1. First the skins are soaked in drums running at four revolutions per minute with 300% water at 27° Celsius and adjusted to a pH of 9.0 with 0.1% non-ionic surfactant. The skins are drummed intermittently for a period of six to 12 hours.

2. The skins are then drained.

3. The flesh sides of the skins are painted with 15% sodium hydrogen sulphide (33% strength), 50% hydrated lime and 35% water. The skins are allowed to pile overnight and then the wool is removed.

4. Next, 600% water and 12% lime are placed in a vat with agitating paddles run five minutes every four hours for 24 hours. Then ½% sodium sulphide is added to the vat and the agitating is continued for an additional 12 hours.

5. Next, the flesh is removed from the back side of the skin with a rotary fleshing machine.

6. Next, the skin is washed in soft, running water in a paddle vat for 30 minutes.

7. The skins are delimed in paddle vats containing 500% water at 37° Celsius with 1.5% ammonium chloride where the paddles are run for 60 minutes or until the skins re free of lime.

8. The bating process includes the addition of 1% bacterial bate with the addles run for two to three hours.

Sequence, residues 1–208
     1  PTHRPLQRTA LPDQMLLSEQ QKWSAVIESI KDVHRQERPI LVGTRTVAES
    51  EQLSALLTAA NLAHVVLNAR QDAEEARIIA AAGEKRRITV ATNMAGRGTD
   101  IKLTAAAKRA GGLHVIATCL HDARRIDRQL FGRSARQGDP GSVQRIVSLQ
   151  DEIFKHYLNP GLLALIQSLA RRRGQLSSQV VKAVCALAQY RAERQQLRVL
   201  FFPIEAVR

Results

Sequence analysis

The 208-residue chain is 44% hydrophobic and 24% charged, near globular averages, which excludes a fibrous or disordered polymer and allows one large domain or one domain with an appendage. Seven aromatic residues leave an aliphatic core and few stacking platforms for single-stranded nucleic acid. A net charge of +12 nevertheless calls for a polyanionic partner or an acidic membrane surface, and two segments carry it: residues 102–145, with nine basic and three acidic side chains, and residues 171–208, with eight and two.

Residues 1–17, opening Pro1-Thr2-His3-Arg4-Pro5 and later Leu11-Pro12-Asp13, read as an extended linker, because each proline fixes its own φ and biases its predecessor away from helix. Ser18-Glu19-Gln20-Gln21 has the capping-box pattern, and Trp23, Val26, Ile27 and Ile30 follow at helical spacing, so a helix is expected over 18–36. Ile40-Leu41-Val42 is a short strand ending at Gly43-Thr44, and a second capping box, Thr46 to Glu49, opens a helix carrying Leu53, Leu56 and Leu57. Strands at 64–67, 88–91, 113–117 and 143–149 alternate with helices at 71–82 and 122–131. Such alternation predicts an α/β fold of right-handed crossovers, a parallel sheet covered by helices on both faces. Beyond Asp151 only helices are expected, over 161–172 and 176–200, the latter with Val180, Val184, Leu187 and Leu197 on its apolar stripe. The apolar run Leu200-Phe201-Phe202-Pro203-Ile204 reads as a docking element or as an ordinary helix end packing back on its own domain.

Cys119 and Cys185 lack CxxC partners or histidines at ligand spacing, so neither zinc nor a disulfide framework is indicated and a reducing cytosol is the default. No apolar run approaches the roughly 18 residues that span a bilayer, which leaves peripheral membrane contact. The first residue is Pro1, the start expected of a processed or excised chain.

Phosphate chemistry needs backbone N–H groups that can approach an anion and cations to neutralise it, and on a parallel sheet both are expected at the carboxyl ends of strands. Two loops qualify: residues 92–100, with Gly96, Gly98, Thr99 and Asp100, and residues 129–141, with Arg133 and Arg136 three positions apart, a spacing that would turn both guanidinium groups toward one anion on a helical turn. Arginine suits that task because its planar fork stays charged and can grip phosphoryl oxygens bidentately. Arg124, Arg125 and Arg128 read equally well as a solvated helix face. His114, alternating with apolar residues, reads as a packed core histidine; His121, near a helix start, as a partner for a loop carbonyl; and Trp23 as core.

9. Next the skins are pickled in a drum with the pickling liquor being formed of 200% water at 20° Celsius, 20% salt and 2% sulfuric acid. The drum is run for 60 minutes, with the final pickle liquor strength being a 0.5% solution of sulfuric acid. The drum is then drained and the skins are stored for aging for several days.

10. The Chrome tanning solution is put in the drum. The tanning solution includes 100% water, 5% salt, 1% chromic oxide (as 10% of chrome liquor of 11% chromic oxide and 33% basicity, SO2 reduced) and then 1% chromic oxide (as 10% of the above chrome liquor). The skins are then drummed for from two to six hours in this mixture until penetrated.

11. The skins are then basified. To complete the tannage ½-1% sodium bicarbonate should be added carefully over four hours and then a shrinkage temperature test should be taken. At the completion of tannage, the pH should be approximately 4.4 and the shrinkage temperature 98° Celsius.

12. The skins are then piled and drained for 24 hours.

13. Then the skins are neutralized thoroughly in the drum with 150% water and 1½% ammonium bicarbonate. The drum is run for 60 minutes to give a pH throughout the skin of 5.5-6.0.

14. Finally, the skins are washed well, at which point the leather is fully chrome tanned and ready for the re-tanning by the impregnation process of the present invention.

The chrome tanning process described above is well known in the art. It is merely provided as a representative description of the primary tanning process performed on the raw skins prior to the re-tanning process for impregnation of the thermal stabilizing material of the present invention. Other chrome tanning processes or even other basic mineral or vegetable tanning processes can be utilized as the preliminary tanning preparatory to the use of the impregnation process. Chromium sulfate, zirconium and aluminum mineral primary tannages may also be utilized with the present invention.

The re-tanning impregnation will now be discussed, with reference to FIGS. 1 and 2. In step 202, the chrome tanned skins are placed in a rotating re-tanning drum 100.